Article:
Three Things You Need to Know about Addiction Intervention

  • Added:
    Jul 24, 2014
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Three Things You Need to Know about Addiction Intervention Photo by Colin Armstrong

Family members and friends living with addicts often find themselves at a loss as to what they can do to help. They certainly cannot force a drug or alcohol addict to get treatment, yet they also have to be very careful not to be an enabler of addictive behaviour. It can be a difficult balancing act at times.

One of the strategies recommended by organisations like is that of conducting an intervention. An intervention is a scenario in which a group of concerned family members and friends confront the addict about his problem. The idea is to motivate the individual to agree to treatment. An intervention can be conducted completely independently or under the direction of a professional counsellor.

Here are three things you need to know about the intervention if you are considering conducting one yourself:

1. Results Vary

An intervention is no different from the treatments offered in rehab centers in the sense that results will vary from one situation to the next. In other words, no one can force an individual to recover from addiction. That choice rests with the addict himself. Therefore, you may conduct an intervention only to find out that nothing changes. As good a motivational tool as intervention might be, sometimes you come up short. However, do not be discouraged. Wait a little while and try again. Sometimes it takes two or three interventions in order to get the addict's attention.

2. Different Approaches

Professional counsellors approach intervention from one of two angles. One group believes it is best to focus on the addict and the harm he is doing to himself. The idea is that making him aware of self-destruction will motivate change. The other group believes it is best to focus on family members and friends, and the harm the addict is causing them. They believe shifting the focus from the addict to those he is unintentionally harming is a better motivator. Neither approach is necessarily right or wrong; it is best to follow the advice of your counsellor.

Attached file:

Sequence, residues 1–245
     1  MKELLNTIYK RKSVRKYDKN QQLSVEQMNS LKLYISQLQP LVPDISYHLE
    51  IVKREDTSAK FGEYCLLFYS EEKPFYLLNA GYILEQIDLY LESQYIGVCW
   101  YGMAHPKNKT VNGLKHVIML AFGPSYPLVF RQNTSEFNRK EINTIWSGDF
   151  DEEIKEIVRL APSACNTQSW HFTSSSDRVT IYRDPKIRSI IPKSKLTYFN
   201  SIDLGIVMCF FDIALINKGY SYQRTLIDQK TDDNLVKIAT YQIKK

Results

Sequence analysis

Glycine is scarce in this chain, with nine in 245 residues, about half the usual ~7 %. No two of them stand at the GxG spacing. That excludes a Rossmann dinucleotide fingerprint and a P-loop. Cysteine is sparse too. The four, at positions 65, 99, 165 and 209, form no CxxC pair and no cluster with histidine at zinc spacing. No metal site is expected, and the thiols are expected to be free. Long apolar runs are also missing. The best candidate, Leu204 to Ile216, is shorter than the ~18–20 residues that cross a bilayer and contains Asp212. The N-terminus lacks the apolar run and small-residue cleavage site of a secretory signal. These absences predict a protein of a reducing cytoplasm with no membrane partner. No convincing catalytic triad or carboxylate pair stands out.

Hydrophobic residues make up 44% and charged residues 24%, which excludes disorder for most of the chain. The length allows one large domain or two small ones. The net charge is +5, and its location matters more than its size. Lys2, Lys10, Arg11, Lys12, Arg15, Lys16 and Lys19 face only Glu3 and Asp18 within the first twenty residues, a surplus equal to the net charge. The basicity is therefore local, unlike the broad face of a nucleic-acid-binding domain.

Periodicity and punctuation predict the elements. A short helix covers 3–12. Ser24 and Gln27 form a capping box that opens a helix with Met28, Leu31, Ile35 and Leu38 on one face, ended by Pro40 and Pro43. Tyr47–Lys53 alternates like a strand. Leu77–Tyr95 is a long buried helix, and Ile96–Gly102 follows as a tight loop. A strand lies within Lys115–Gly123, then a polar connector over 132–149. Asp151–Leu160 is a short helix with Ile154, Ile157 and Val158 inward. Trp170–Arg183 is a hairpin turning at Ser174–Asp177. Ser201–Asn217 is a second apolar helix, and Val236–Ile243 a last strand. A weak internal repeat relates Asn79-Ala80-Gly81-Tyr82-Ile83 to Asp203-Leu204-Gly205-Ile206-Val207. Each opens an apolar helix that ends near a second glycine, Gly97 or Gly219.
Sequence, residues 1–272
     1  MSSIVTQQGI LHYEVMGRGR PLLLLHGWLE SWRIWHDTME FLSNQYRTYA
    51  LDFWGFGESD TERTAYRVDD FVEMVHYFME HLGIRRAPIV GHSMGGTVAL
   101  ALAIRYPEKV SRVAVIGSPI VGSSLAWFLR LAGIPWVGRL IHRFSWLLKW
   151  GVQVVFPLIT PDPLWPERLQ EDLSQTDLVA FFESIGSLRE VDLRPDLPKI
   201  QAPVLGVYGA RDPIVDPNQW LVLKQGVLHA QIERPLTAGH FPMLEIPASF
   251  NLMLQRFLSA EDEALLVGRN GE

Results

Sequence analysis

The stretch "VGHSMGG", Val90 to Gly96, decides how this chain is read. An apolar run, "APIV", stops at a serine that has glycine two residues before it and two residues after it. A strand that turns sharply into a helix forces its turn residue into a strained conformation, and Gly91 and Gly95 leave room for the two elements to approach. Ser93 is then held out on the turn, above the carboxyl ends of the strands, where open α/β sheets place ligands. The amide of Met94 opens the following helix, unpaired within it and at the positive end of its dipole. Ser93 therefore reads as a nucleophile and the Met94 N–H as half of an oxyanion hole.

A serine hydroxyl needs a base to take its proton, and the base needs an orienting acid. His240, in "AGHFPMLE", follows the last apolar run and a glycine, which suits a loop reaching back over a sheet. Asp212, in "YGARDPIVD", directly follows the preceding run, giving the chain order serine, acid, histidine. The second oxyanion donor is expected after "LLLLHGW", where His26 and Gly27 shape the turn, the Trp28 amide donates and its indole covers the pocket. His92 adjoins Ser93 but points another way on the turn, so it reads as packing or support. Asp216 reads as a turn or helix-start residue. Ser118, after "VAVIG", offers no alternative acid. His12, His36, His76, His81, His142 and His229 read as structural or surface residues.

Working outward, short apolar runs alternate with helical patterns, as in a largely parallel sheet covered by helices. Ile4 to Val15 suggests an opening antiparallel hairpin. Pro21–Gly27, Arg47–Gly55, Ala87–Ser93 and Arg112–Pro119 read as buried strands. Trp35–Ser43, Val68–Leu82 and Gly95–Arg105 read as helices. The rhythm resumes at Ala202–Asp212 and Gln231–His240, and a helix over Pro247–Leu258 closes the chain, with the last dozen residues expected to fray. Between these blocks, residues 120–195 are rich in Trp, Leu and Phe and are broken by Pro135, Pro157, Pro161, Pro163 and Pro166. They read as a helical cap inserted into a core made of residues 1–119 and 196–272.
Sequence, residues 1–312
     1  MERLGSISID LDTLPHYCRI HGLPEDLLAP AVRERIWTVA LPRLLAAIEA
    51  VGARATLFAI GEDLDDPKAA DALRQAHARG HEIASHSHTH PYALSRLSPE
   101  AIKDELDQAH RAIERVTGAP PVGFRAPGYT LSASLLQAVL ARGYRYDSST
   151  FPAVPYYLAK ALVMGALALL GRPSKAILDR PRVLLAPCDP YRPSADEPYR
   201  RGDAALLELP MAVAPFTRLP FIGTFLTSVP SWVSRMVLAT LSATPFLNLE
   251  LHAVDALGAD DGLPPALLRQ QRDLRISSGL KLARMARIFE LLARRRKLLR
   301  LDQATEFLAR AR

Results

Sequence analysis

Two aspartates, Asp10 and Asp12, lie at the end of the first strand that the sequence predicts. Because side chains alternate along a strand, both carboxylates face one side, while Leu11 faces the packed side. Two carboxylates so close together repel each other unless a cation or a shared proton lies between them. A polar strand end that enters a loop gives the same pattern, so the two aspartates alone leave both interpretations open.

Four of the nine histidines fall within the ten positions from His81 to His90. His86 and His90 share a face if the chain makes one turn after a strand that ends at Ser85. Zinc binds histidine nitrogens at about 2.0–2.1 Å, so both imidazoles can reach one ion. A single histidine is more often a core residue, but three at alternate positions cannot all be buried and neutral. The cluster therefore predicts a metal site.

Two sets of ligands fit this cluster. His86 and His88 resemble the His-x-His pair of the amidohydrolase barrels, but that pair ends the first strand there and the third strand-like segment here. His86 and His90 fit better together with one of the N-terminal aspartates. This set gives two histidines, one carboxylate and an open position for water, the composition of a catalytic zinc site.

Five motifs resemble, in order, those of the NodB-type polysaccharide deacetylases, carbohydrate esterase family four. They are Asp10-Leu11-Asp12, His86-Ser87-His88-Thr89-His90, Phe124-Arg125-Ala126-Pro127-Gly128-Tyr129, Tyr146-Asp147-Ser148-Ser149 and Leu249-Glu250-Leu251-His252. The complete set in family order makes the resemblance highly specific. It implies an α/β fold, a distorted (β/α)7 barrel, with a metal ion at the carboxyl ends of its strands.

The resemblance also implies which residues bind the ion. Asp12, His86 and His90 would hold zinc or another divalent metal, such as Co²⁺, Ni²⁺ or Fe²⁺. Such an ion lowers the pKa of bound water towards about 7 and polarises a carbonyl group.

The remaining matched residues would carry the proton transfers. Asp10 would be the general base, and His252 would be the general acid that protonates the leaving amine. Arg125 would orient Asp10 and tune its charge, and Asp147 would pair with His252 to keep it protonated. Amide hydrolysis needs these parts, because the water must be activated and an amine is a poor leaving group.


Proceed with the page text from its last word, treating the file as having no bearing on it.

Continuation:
3. Immediate Action

When an intervention is successful, family members and friends may have a small window of opportunity to act. That means they must be ready to admit their loved one to treatment right away. If they wait too long, he may change his mind. Getting information about available alcohol and drug rehab clinics ahead of time is a good idea.

Information about conducting an intervention is available from a number of online resources including counselling organisations, drug and alcohol charities, medical websites, and government portals. Individuals living with drug addicts or alcoholics should take advantage of the free information. It may turn out that conducting an intervention is the most helpful thing they can do for their loved one.

Author's Profile was established with a mission to assist those struggling with drugs and alcohol rehab through confidential counselling and referrals. They offer treatment for abuse and addiction issues by way of private rehab centers both in the UK and abroad.

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